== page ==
Another big moment we had was the first time my wife and I maxed out our old Roth IRA accounts while also fully funding our 401(k)s, which happened early in our marriage.
Then there was the year we started building our first “dream house,” which we lived in before the one we live in now. Our “starter home” was around 1,900 square feet, and we lived there for quite a while. But we started building our 5,000-square-foot dream house right before the birth of our second son — we even put in a pool shortly after that.
This was when we were in our early 30s, and building at that time just seemed like a dream come true. We even started building our new home before we sold our old one, which was only possible because we had our financial ducks in a row.
Other key “aha” moments along our journey to financial independence included:
- The many times I turned down lucrative job offers and opportunities so I could continue pursuing my own dreams
- When I realized I could take two weeks off to drive my family to the Grand Canyon in an RV — and I did it!
- When I’ve made more money in a month than my parents used to earn in a whole year (since my parents topped out at around $40,000 to $50,000 per year during their working years)
- I realized I had the cash savings to purchase my childhood dream car (a yellow Lamborghini!) if I really wanted to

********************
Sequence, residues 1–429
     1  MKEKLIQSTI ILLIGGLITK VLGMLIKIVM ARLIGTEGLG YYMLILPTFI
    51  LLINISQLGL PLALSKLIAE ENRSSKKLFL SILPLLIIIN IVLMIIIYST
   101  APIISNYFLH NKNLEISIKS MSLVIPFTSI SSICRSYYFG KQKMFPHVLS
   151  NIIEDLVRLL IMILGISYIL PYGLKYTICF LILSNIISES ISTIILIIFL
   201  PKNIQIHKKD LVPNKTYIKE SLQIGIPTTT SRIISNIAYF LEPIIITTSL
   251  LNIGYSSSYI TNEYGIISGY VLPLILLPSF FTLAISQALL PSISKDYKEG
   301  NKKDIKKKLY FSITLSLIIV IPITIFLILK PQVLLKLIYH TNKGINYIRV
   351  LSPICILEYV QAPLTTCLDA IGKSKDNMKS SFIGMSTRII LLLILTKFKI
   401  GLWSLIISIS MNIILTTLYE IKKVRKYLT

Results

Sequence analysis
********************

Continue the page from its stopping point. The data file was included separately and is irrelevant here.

- The time I sold a minority stake in one of my businesses and was handed the largest check I have ever received to date
- The first time I paid $400 for a pair of Jordan shoes with no regrets or stress, which actually happened just a few years ago!
Funny enough, I sent my wife Mandy a text, for research purposes, asking when she first felt financially independent. Her answer was totally different than mine.
Mandy says that she felt like she no longer needed to worry about money when we reached one year of expenses in our emergency savings account.
I have to agree with her because that milestone did give me a lot of peace of mind. After all, having 12 months of expenses in an emergency fund means a lot could go wrong with our finances and we would still have the time and space to figure it all out.
3 Key FIRE Principles and How You Know You’re on Track
If you’re pursuing financial independence, but progress feels slow, know that your path to financial freedom will have a lot of bumps along the way. If you’re like me, you might also find that you’re inching toward financial freedom in spurts and that it doesn’t all hit you at once.